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The Journal of Marketing Research just published a study that suggests that dim lights are a way of getting patrons to let their guard down and make impulsive decisions in restaurants.
Think about it. A dimly lit restaurant makes you feel cozy, more romantic, the ambiance whisks you away from your day-to-day worries and you relax. Ahhh.
Just like the science behind menu design, background music and aroma filled restaurant spaces, lighting plays a huge role in the decision-making process of unsuspecting diners.
Munchies reports that people eating in well-lit restaurants were 16 to 24 percent more likely to order healthy food than those in dimly lit rooms. Conversely, according to sales records, diners in dimly lit rooms ordered 39 percent more calories. Those in the brighter rooms ordered tended order dishes like grilled or baked fish, vegetables, and white meat, whereas their low-lit counterparts opted for more fried food and desserts.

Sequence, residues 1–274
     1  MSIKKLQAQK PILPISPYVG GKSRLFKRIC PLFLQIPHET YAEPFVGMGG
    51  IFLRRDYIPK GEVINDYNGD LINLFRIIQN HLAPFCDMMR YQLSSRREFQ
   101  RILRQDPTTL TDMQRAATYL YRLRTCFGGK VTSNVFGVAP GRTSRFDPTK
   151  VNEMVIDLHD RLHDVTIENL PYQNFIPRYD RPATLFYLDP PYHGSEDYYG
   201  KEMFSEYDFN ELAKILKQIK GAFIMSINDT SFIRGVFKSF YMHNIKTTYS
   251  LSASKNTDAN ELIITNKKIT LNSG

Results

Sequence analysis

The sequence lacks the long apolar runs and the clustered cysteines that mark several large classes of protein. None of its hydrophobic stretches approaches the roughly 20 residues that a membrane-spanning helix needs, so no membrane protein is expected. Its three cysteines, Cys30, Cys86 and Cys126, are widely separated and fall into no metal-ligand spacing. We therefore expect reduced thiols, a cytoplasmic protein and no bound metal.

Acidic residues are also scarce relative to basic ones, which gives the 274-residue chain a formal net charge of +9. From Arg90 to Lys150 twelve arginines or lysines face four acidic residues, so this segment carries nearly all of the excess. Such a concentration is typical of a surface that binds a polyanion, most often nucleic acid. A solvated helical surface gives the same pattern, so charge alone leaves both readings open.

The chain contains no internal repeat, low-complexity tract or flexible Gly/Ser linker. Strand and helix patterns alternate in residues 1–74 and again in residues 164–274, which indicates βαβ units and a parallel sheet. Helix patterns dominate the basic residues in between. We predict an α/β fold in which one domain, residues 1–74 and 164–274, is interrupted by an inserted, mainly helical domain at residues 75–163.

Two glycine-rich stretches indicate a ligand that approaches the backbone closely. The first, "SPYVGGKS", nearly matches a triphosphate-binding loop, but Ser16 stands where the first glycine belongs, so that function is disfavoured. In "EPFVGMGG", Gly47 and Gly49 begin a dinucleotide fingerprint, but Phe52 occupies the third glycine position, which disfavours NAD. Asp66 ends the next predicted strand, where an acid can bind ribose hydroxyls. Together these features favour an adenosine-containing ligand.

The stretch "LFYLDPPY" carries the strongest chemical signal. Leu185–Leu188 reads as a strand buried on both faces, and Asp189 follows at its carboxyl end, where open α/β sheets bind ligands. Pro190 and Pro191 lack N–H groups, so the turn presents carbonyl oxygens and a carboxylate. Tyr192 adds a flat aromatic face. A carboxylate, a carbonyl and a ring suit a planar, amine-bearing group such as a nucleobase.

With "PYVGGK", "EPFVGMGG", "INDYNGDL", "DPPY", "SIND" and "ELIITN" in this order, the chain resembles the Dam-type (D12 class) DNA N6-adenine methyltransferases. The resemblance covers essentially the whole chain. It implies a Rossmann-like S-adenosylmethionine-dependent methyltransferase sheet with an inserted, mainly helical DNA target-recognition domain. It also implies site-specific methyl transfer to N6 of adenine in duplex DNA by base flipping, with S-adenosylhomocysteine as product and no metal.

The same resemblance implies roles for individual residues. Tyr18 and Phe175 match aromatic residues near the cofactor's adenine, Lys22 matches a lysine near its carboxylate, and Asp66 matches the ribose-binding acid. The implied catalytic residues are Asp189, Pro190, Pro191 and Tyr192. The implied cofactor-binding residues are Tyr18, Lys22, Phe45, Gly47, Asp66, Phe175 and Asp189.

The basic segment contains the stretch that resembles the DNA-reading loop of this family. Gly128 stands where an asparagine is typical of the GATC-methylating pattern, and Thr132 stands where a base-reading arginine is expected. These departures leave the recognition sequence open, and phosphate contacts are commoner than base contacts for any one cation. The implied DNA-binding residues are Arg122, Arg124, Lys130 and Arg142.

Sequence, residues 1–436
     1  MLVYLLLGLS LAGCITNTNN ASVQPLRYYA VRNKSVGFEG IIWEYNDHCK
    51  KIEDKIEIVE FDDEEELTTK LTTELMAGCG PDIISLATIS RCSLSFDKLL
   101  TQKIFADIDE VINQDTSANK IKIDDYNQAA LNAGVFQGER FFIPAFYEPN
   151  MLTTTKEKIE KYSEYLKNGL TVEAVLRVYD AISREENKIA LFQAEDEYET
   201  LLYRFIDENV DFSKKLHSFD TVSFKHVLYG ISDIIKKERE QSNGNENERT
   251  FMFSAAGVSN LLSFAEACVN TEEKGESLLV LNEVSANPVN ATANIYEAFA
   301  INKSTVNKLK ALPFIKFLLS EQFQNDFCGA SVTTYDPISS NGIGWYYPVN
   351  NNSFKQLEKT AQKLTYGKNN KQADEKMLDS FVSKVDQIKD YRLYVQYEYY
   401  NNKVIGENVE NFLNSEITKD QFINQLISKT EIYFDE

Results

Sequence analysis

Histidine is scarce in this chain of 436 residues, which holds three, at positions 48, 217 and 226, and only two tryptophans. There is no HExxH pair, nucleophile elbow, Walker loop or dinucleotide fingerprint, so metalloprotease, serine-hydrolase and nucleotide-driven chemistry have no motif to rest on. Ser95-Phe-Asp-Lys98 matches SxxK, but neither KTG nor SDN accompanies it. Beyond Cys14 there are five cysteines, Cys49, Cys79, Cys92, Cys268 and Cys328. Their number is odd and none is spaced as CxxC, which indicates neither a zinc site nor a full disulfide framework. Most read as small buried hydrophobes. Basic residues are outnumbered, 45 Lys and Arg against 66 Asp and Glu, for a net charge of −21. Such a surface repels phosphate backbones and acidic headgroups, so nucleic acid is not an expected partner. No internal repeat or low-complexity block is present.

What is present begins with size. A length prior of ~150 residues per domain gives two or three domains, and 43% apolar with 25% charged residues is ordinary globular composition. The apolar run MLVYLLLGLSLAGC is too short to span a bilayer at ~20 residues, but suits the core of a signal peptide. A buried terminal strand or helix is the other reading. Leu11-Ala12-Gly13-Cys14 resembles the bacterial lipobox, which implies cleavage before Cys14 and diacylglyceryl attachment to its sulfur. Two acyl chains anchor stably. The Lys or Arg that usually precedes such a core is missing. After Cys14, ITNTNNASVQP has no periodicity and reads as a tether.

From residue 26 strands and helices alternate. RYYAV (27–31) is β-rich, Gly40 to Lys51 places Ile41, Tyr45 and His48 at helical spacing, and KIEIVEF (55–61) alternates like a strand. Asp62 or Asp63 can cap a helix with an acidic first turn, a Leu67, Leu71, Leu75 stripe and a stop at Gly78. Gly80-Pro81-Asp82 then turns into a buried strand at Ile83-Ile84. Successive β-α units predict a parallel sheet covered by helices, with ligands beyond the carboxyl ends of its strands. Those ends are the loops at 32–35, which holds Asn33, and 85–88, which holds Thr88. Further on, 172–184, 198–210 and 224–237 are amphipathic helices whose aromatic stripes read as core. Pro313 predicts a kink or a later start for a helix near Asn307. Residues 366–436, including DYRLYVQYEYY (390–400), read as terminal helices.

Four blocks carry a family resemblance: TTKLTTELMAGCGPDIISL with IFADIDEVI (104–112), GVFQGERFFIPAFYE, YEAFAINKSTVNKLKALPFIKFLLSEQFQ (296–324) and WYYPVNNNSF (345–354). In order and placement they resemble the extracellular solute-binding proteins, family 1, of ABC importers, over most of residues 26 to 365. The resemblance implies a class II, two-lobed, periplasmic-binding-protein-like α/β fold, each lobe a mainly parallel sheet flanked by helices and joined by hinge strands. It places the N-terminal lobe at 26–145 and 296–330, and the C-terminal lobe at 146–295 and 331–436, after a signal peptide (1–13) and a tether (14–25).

Alertness is the causal factor, according to the authors of the study. “We feel more alert in brighter rooms and therefore tend to make more healthful, forward-thinking decisions,” lead author Dipayan Biswas explained in a press release.
Another interesting find: When administered caffeine, those in dimly lit rooms also began to make healthier choices. By isolating alertness with a low-light/caffeine control group, researchers concluded that it was not the lights per se, but rather the alertness that they create, that makes dining decision more…enlightened.
Says study co-author Brian Wansink, director of the Cornell Food and Brand Lab: “Dim lighting isn’t all bad. Despite ordering less healthy foods, you actually end up eating slower, eating less, and enjoying the food more.”